Note reloaded into my rebuilt blog: some linked fixed up.

Preparing For Implementing Concurrency


The next step in this series on creating my own IObservable<T> implementation is concurrency. (See below for links to previous parts, Part 5 has a full code listing.)

This is the hard part. Too easy to think it is OK when it isn’t, and too hard to validate that is really thread safe.

The only option is careful analysis, and then double (triple, …) check everything.

After all even the best set of unit tests will fail to find problems if it takes a particular combination of OS version, hardware and other processes running to show the problem. With race conditions, deadlocks and all the other concurrency fun such is not just a possibility but likely.

But first, the new 1.0.2350.0 (2010-03-15) build of Rx makes no change to my code, all tests pass without any changes. And this is now running on my main system (Rx has go-live licence, so why not) with its multiple codes (previously was working on a VM with a single virtual CPU).

What Needs Protection?

At the heart of my implementation there is some shared data. This needs protecting where multiple threads could operate concurrently. E.g. while events are pushed to subscribers using a copy of the list of subscribers (this allows re-entrant subscription and un-subscription) taking a copy of the values of a Dictionary<K,V> certainly is not safe.

Some operations are inherently safe (defined by the platforms object model, see <a href=''''>Joe Duffy’s blog</a> for more details). In this case reading or writing an aligned, volatile int or reference is safe (such reads and writes are inherently atomic). And only a single field needs to be checked, written to, or both compared & exchanged (via Interlocked.CompareExchange):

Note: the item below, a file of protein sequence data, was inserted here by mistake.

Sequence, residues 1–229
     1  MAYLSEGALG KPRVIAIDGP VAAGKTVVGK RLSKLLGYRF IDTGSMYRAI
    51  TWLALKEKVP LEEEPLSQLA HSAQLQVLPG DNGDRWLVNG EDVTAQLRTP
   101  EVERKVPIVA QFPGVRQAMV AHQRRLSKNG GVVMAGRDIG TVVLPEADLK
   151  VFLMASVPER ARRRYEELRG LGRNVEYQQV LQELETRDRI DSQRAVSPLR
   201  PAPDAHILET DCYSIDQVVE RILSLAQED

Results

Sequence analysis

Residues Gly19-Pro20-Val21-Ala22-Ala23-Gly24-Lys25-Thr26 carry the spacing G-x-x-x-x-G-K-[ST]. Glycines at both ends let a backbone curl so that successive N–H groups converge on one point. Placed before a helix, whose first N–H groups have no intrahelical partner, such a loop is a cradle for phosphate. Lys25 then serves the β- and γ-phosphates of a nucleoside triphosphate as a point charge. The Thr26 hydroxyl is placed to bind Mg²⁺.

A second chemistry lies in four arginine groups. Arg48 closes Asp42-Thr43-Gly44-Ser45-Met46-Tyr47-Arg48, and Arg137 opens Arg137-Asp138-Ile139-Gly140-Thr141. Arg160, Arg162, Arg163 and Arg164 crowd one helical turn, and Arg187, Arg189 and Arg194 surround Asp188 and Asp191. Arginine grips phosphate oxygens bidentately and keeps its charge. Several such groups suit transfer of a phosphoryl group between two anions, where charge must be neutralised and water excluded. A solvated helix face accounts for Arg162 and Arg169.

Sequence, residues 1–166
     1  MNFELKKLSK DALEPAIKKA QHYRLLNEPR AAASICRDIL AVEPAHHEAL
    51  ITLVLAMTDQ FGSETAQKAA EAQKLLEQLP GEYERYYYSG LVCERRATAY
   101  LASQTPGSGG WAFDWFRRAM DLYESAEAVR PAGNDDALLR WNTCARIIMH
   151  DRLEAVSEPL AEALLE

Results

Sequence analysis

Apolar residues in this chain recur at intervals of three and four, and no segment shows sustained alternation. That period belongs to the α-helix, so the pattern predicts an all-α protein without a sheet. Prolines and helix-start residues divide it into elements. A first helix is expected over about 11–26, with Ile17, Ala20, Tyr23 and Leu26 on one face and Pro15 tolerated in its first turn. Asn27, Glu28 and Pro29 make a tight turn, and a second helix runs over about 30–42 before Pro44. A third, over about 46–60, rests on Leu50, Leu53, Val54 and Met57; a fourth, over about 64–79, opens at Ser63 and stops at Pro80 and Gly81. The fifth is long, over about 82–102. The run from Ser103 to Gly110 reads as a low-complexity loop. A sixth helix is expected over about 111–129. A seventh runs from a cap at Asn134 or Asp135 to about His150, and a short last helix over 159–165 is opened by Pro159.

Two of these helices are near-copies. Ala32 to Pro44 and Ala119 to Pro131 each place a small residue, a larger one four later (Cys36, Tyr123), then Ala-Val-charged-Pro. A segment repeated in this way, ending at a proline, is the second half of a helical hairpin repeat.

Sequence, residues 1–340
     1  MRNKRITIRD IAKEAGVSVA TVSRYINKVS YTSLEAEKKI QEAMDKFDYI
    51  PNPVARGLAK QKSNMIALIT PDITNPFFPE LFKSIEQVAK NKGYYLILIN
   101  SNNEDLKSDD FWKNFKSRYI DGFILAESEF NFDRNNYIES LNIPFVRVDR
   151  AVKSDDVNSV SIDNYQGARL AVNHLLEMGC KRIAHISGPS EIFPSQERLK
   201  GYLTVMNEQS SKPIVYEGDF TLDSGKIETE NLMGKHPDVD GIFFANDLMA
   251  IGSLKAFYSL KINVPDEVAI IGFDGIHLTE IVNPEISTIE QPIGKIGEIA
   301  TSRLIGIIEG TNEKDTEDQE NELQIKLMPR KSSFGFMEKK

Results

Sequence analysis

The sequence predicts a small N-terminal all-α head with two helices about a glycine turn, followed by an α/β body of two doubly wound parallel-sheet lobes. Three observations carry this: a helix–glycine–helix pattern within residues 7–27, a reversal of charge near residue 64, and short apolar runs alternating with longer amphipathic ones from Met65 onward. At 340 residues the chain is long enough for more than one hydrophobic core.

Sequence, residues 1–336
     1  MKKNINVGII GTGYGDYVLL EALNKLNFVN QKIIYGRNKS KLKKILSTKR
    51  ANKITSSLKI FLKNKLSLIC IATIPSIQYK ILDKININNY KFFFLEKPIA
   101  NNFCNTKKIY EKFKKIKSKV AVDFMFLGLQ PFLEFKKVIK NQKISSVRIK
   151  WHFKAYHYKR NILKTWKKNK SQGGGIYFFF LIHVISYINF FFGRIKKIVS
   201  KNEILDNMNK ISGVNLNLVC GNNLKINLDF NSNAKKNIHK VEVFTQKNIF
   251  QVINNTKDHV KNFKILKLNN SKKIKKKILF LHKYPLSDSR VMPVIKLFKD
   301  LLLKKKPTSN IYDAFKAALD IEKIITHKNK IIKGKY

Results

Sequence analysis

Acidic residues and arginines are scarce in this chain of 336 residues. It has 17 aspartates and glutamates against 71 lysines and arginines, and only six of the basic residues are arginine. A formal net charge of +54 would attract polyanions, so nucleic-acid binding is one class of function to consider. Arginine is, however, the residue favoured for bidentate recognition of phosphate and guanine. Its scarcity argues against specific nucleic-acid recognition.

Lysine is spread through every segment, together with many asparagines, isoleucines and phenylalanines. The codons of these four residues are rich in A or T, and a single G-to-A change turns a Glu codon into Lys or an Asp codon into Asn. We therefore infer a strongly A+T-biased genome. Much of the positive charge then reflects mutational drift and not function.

• Checking if the endOfEvents field (reference to a Notification<T>) is null.

  • The boolean field pushingEvents used only in PushEvents (the method that loops through a snapshot of the current subscribers) to avoid re-entrant or multi-threaded pushing of events.

    When it is read, and true in a simple check there is no problem (just return from PushEvents. But if it is false it then needs to be set. So two operations are needed: a read and a write. Interlocked.CompareExchange will take care of this without a lock. (Before returning from pushing events it is set back to false, but a single write is also OK.)

    As there is no overload of Interlocked.CompareExchange for bool the field will need to be an int with values 0 and 1.

  • To avoid races in Next, Completed and Error between checking for endOfEvents and setting it one can use Interlocked.CompareExchange.

There are also two pieces of functionality that require multiple operations on fields (or objects that are not thread safe). In each case a lock is needed.

  • The collection of subscribers and subscriber id counter. With operations to add or remove a subscriber, and to snapshot a list of all subscribers. This will require a lock, there is no way (I can see) around this.

  • To operate on the queue of pending events can be handled by changing to an instance of ConcurrentQueue<T> with modifications in PushEvents to use TryDequeue rather than a combination of checking the count and then Dequeue.

What Doesn’t Need Protection

This implementation is not about being fair. So if two threads both try and use an instance together, with one calling Next and the other Completed only the Windows thread scheduler gets any say in which wins (if Completed is called first, no subscriber will see the value passed to Next).

Ready to Implement?

Even as I wrote the analysis above (which was already the second pass through what would be needed) I noted that I could avoid a lock for Next, Completed, and Error and use CompareExchange. So I’ve probably still missed something: time for another pass over the code.

And another question is how to test…? Throwing a load of cocurrent tasks from the Parallel Extensions (see here) will be a start, but cannot really cover mixing in Completed and Error because I cannot determine which thread will win and which will not, and thus no way to verify the “right one” won in a unit test assert.

More to work on.


  • Part 1: The basic implementation of Subscribe, unsubscribe and Next.

  • Part 2: Making Subscribe and unsubscribe re-entrant.

  • Part 3: Why re-entrancy is important.

  • Part 4: Making Next re-entrant.

  • Part 5: Implementing OnCompleted and OnError to complete support for full IObserver<T> interface.

  • Part 5a: Updates for build 1.0.2317.0 of the Reactive Extensions (2010-03-05).